Was nothing learned by the dispersion and the captivity? The Northern Tribes were dispersed and managed to lose their tribal identity. The prophets had continually warned both Israel and Judah that the LORD would cast them out of his sight because of idolatry. I wish I had Ezra’s sensitivity about my own sin as he had for his people.

Why does Ezra respond the way he does to the news of widespread intermarriage between the Jews and the neighboring peoples?

Romans 8:34 Who is he that condemns? Christ Jesus who died – more than that, who was raised to life – is at the right hand of God and is also interceding for us.

How does Ezra the priest play the role of Jesus the High Priest for the remnant of Israel?

Obey. What is God asking me to do?

Share. What can I share and with whom can I share it?

Repent. How have I failed to obey and share what God is asking me to do? Confess those failures to God and ask for his forgiveness.

Believe. Which of God’s promises would I need to believe in order to obey and share what I have read?

Final Prayer. Pray for the faith to believe the promises of God so that you might obey and share what you have learned.

Daily Bible Readings – Friday, November 8, 2013

Prayer Psalm: 69

Prayer Point.  “I have come into the deep waters; the floods engulf me. I am worn out calling for help.” Is this where you are right now or do you know someone who is? Lift up Psalm 69 as your prayer. After you cry out to God, meditate on the fact that the suffering man in this psalm is Jesus and that he entered our pain. We are not alone, because Christ suffered for us on the cross.

Matthew 14:13-21

Pray. Ask the Holy Spirit to help you understand what you are reading.

Read. Read the passage slowly either alone or in a group and answer the following questions:

Listen. What is the passage saying? What are the main points? Using the following background as a guide.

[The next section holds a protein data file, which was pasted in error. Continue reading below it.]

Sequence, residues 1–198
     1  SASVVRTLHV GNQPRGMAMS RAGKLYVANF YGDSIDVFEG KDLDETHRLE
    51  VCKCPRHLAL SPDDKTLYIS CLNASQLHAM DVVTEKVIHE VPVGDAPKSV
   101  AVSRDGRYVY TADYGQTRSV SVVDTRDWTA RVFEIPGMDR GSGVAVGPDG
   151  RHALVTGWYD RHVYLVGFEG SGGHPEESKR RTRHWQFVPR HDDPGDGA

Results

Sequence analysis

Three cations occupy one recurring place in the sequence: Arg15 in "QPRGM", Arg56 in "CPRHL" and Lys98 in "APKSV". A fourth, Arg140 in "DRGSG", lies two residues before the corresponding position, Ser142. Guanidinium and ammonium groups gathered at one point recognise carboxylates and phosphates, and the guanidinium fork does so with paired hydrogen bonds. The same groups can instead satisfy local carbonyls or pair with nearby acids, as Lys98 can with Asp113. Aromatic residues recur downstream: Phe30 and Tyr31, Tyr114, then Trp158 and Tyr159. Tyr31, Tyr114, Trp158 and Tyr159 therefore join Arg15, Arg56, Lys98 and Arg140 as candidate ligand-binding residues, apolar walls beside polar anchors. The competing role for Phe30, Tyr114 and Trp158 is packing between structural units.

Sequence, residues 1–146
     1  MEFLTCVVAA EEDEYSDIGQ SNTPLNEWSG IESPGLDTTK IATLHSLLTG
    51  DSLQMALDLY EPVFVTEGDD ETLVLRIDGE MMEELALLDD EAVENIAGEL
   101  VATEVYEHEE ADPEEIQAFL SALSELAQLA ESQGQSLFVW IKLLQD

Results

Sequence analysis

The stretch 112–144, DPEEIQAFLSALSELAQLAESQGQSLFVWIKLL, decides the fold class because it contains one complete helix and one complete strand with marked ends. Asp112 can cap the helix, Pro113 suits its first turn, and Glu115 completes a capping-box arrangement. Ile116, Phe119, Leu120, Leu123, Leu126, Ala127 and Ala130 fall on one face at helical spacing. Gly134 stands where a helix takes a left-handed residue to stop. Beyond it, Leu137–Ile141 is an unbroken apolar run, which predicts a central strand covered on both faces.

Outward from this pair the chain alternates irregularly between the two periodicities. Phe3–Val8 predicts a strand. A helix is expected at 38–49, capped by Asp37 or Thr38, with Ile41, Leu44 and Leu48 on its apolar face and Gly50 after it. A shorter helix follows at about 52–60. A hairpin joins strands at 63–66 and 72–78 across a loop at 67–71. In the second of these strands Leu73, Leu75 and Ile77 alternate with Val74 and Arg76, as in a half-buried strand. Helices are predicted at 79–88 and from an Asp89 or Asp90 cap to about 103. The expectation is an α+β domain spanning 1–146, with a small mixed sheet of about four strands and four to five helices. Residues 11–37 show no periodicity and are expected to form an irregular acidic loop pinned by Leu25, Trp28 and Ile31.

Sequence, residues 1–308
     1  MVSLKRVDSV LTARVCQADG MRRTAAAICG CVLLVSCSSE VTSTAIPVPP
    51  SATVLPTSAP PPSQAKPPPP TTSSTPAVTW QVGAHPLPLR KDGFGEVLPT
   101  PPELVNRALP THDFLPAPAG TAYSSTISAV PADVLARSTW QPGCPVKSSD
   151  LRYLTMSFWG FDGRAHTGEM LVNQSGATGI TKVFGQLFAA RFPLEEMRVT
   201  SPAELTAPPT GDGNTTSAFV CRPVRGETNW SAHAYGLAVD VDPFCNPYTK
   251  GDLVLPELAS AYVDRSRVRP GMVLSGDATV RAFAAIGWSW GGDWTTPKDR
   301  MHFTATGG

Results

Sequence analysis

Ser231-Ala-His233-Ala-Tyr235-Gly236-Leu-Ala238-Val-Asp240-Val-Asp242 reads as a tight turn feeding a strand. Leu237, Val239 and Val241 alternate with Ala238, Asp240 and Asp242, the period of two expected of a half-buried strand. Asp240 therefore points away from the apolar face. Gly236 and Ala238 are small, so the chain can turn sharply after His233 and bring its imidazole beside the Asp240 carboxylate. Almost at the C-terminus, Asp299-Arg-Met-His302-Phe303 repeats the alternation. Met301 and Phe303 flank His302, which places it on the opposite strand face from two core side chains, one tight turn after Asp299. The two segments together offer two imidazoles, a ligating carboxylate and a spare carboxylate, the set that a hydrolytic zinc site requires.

Background. Jesus retreats to a solitary place upon hearing the news of his cousin’s murder. What does Jesus do for the crowds despite his grief? Why do you think Jesus puts his disciples on the spot by saying, “you give them something to eat”? How do the disciples fail this simple test of faith?  What do we learn about Jesus through this miracle?

Obey. What is God asking me to do?

Repent. How have I failed to obey what God is asking me to do? Confess those failures to God and ask for his forgiveness.

Believe. Which of God’s promises would I need to believe in order to obey and share what I have read?

Share. What can I share and with whom can I share it?

Final Prayer. Pray for the faith to believe the promises of God so that you might obey and share what you have learned.

Revelation 15:1-8

Pray. Ask the Holy Spirit to help you understand what you are reading.

Read. Read the passage slowly either alone or in a group and answer the following questions:

Listen. What is the passage saying? What are the main points? You can use the following background to help you understand the main points of this passage.

Background. Chapter 15 starts a new vision and in this vision we see the familiar pattern: God judges the world (15:1, 15:5-8), God’s people are saved (15:2-4). The classic story of judgment and salvation echoes the Exodus story (see Exodus 7 – 15) where God rescued his people from slavery by bringing plagues and judgment on their oppressors, Egypt. Why do those who were victorious over the beast (Revelation 15:3) sing the same song that Moses and the Jews sang on the shores of the Red Sea (see Exodus 14-15)?

Obey. What is God asking me to do?

Repent. How have I failed to obey what God is asking me to do? Confess those failures to God and ask for his forgiveness.

Believe. Which of God’s promises would I need to believe in order to obey and share what I have read?

Share. What can I share and with whom can I share it?

Final Prayer. Pray for the faith to believe the promises of God so that you might obey and share what you have learned.

Ezra 7:27-28, 8:21-36

Pray. Ask the Holy Spirit to help you understand what you are reading.

Read. Read the passage slowly either alone or in a group and answer the following questions:

Listen. What is the passage saying? What are the main points? You can use the following background to help you understand the main points of this passage.

Background. How does Ezra explain the favor and blessings he has received from the king? Why does Ezra refuse the king’s offer of an armed escort for their journey to Jerusalem? How do they “provide” for their own defense? What do the exiles do upon arriving in Jerusalem?

It is not insignificant that the 12 bulls for all Israel are offered but yet only three tribes are represented here (Levites, Judah, and Benjamin). There was always a kinship among all the tribes of Israel particularly when it came to worship. (You may remember that the first king of the Northern Tribe [Israel] Jeroboam I set up the golden bulls – one in the north at Dan and the other in the south at Bethel – just so that the people would not have to go to Jerusalem to worship and thus limit defection to Judah.)